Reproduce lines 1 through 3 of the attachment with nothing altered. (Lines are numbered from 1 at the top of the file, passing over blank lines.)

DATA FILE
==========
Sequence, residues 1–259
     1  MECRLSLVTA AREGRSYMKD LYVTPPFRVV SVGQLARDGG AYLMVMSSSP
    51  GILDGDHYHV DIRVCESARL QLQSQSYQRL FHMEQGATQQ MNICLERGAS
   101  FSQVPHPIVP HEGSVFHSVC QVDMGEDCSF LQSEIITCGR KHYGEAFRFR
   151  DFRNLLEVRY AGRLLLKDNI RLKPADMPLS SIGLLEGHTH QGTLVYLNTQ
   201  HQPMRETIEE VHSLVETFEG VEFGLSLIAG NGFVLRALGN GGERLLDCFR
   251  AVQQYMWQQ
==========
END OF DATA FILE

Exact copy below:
Sequence, residues 1–259
     1  MECRLSLVTA AREGRSYMKD LYVTPPFRVV SVGQLARDGG AYLMVMSSSP
    51  GILDGDHYHV DIRVCESARL QLQSQSYQRL FHMEQGATQQ MNICLERGAS